After picking up some equipment from another job, the crew arrived on site for 9:20am, ready to begin preparing the roof for liquid rubber application. The gravel had to be removed first, followed by a thorough power washing to remove all possible debris from the roof. This took up the bulk of the day, but they received some extra assistance between 3:30 and 5:30 from another pair of crew members after they'd completed another job. Everyone on the main team departed at 6:30pm.
Update (June 1st, 2012): The crew returned to the job site for ~10:00am and continued pressure washing the roof and preparing it for the spray-on liquid rubber. They departed again for 2:30, having completed the preparations. Liquid rubber was then applied to the roof in what is called a 'flood coat'. The crew cited that the single coat was appropriate, and that another wouldn't be necessary. Update (June 13, 2012): The client called us to advise that a leak had developed at the skylight and that regardless of rain quantity, it appeared 'random' in how much water would seep through, and at what rate. The leak began after the Christmas lights were removed from the screw-in fixtures atop the window capping. The responding team went back up onto the roof and determined that the caulking around the windows was correctly applied. They concluded that there was no damage to the roof or fault in the liquid rubber application; the leak must be a problem with the window itself.   IMG_1858 IMG_1859 IMG_1860 IMG_1861 IMG_1862 IMG_1863 IMG_1864 IMG_1865 IMG_1866 IMG_1867 IMG_1868 IMG_1869 IMG_1870 IMG_1871 IMG_1872 IMG_1873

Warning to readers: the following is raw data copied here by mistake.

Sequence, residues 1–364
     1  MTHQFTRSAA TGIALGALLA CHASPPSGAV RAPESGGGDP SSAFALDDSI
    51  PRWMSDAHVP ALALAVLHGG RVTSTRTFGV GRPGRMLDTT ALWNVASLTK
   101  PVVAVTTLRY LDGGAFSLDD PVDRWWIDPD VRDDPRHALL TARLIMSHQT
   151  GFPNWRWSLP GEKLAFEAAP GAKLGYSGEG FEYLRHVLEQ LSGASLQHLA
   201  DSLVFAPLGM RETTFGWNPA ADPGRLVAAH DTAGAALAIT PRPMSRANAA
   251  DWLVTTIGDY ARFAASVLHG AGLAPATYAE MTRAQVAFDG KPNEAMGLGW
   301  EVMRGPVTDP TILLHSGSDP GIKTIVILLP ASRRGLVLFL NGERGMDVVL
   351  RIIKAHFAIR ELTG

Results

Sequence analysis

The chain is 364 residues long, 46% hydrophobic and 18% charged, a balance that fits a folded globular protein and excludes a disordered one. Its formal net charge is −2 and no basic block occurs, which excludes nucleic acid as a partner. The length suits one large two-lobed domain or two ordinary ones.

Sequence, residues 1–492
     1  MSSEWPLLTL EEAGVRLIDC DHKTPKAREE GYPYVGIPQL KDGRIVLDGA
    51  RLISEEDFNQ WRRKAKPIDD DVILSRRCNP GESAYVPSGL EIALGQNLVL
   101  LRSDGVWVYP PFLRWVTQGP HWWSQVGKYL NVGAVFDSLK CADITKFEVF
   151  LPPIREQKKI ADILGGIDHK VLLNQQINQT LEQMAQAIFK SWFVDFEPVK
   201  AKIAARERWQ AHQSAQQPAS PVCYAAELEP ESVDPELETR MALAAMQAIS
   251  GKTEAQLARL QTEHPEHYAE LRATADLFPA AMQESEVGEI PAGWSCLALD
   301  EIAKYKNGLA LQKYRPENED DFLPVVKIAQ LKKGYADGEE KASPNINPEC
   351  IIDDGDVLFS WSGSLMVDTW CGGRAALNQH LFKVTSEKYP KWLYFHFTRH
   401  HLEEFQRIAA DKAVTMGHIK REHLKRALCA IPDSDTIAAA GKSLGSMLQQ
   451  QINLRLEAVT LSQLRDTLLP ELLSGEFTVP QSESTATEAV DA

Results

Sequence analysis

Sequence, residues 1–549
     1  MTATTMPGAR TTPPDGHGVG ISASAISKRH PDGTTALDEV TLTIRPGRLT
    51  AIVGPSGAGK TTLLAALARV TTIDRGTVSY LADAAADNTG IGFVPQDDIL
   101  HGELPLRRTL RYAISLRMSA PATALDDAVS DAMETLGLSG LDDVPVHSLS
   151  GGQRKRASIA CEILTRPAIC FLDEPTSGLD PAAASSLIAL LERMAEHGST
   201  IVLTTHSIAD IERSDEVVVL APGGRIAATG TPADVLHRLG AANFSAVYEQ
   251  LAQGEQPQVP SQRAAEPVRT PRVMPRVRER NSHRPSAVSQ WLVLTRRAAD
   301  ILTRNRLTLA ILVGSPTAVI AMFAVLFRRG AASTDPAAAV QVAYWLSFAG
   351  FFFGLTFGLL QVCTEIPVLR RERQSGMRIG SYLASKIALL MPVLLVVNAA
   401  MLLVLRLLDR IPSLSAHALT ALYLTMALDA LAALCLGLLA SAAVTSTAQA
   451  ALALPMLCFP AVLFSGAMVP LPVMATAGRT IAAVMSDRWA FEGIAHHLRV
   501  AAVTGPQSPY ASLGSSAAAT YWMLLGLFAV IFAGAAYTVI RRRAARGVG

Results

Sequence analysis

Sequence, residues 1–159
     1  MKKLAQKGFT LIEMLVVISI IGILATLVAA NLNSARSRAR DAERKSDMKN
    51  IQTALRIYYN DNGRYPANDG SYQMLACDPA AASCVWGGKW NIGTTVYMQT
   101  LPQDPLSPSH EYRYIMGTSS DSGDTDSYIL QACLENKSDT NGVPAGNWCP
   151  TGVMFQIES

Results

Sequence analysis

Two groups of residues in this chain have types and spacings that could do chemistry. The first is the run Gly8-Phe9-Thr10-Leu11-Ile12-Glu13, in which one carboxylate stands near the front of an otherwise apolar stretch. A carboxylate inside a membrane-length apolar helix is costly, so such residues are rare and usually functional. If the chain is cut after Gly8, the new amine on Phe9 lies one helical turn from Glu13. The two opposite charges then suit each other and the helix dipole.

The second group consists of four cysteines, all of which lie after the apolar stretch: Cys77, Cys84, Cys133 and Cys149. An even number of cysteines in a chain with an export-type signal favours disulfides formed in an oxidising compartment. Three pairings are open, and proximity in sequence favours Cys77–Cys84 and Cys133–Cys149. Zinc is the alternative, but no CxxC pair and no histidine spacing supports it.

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        Update (August 12, 2012): The client reached out to us again that the window is continuing to leak, and that they would like us to look at the flashing  on the roof where the Christmas lights had been screwed into. This recent bout of poor weather saw more water leaking in beyond a spot or two.   Update (August 28, 2012): The crew made it out to the client's location for further, more extensive repairs and safeguarding. They arrived at 9:15, and removed water from the roof, blow drying it clear as well. The capping metal was replaced and screwed down, and a trowel installed to the roof connection. After that, they installed scrim sheeting just before more rain came in. They had to leave the site between 4:30 and 6:30pm due to weather, but returned to tarp the site walls for an over-spray of more liquid rubber. Another coat was started, and the team continued to work until 8:15pm when more rain came rolling in. Tarps were left in place with the client's blessing, and the team promised their return in the morning.   Update (September 19, 2012): Once again, we arrived on location to address the area around the skylight/windows. Our crew member found a few holes and cracking that required repair. They were patched with seam tape and more liquid rubber. This repair took a mere hour and a half; crew departed site after that.     20140918_080905_resized 20140918_080910_resized 20140918_080957_resized 20140918_081004_resized 20140918_091942_resized 20140918_091953_resized 20140918_093327_resized 20140918_093341_resized 20140918_093349_resized   CODE: 4722 Contact Us 24 Hour Emergency Roof Repair. Telephone: 1.403.873.7663. Email: info@calgaryroofrepair.ca. Mailing: 240 – 70 Shawville Boulevard SE Calgary, Alberta. T2Y 2Z3. For all other areas of Canada call 1.877.497.3528 Toll Free. We service all areas of southern and central Alberta and south east British Columbia including Airdrie, Banff, Calgary, Canmore, Crossfield, Carstairs, Didsbury, Olds, Sundre, Three Hills, Drumheller, Hanna, Brooks, Bassano, Strathmore, Chestermere, Irricana, Cochrane, Black Diamond, Okotoks, Priddis, Bragg Creek, Cranbrook, Fernie, Panorama, High River, Vulcan, Medicine Hat, Lethbridge, Taber, Sylvan Lake, Red Deer and other Alberta rural points between.